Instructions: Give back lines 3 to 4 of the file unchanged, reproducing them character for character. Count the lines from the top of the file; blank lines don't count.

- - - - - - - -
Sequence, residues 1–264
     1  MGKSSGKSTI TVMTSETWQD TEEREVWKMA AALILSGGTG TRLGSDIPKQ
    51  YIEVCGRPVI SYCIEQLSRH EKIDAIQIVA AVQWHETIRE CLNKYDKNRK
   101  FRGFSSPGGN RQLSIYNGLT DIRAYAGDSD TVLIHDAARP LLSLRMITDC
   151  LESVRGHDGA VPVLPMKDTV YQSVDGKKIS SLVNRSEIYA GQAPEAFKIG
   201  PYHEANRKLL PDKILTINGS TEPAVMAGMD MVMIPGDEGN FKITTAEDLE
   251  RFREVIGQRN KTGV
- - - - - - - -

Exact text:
    51  YIEVCGRPVI SYCIEQLSRH EKIDAIQIVA AVQWHETIRE CLNKYDKNRK
   101  FRGFSSPGGN RQLSIYNGLT DIRAYAGDSD TVLIHDAARP LLSLRMITDC